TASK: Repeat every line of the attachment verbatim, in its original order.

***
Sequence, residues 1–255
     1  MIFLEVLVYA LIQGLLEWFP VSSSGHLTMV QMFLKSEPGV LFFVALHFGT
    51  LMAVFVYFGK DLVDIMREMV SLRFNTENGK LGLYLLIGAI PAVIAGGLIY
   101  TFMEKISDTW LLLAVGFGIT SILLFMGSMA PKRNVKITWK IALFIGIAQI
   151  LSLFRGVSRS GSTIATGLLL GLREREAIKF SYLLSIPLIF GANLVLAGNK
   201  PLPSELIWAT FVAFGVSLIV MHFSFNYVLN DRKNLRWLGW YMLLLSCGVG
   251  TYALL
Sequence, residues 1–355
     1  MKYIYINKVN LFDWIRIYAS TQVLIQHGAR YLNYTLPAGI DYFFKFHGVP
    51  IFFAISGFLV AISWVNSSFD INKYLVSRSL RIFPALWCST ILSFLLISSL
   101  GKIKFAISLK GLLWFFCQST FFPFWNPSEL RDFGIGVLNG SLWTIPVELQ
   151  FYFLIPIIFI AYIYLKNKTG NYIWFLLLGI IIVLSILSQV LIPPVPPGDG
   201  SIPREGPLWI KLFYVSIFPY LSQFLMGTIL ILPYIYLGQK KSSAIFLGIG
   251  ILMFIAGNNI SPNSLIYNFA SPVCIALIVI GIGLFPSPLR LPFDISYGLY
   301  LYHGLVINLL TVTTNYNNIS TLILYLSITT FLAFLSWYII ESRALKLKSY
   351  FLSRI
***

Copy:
Sequence, residues 1–255
     1  MIFLEVLVYA LIQGLLEWFP VSSSGHLTMV QMFLKSEPGV LFFVALHFGT
    51  LMAVFVYFGK DLVDIMREMV SLRFNTENGK LGLYLLIGAI PAVIAGGLIY
   101  TFMEKISDTW LLLAVGFGIT SILLFMGSMA PKRNVKITWK IALFIGIAQI
   151  LSLFRGVSRS GSTIATGLLL GLREREAIKF SYLLSIPLIF GANLVLAGNK
   201  PLPSELIWAT FVAFGVSLIV MHFSFNYVLN DRKNLRWLGW YMLLLSCGVG
   251  TYALL
Sequence, residues 1–355
     1  MKYIYINKVN LFDWIRIYAS TQVLIQHGAR YLNYTLPAGI DYFFKFHGVP
    51  IFFAISGFLV AISWVNSSFD INKYLVSRSL RIFPALWCST ILSFLLISSL
   101  GKIKFAISLK GLLWFFCQST FFPFWNPSEL RDFGIGVLNG SLWTIPVELQ
   151  FYFLIPIIFI AYIYLKNKTG NYIWFLLLGI IIVLSILSQV LIPPVPPGDG
   201  SIPREGPLWI KLFYVSIFPY LSQFLMGTIL ILPYIYLGQK KSSAIFLGIG
   251  ILMFIAGNNI SPNSLIYNFA SPVCIALIVI GIGLFPSPLR LPFDISYGLY
   301  LYHGLVINLL TVTTNYNNIS TLILYLSITT FLAFLSWYII ESRALKLKSY
   351  FLSRI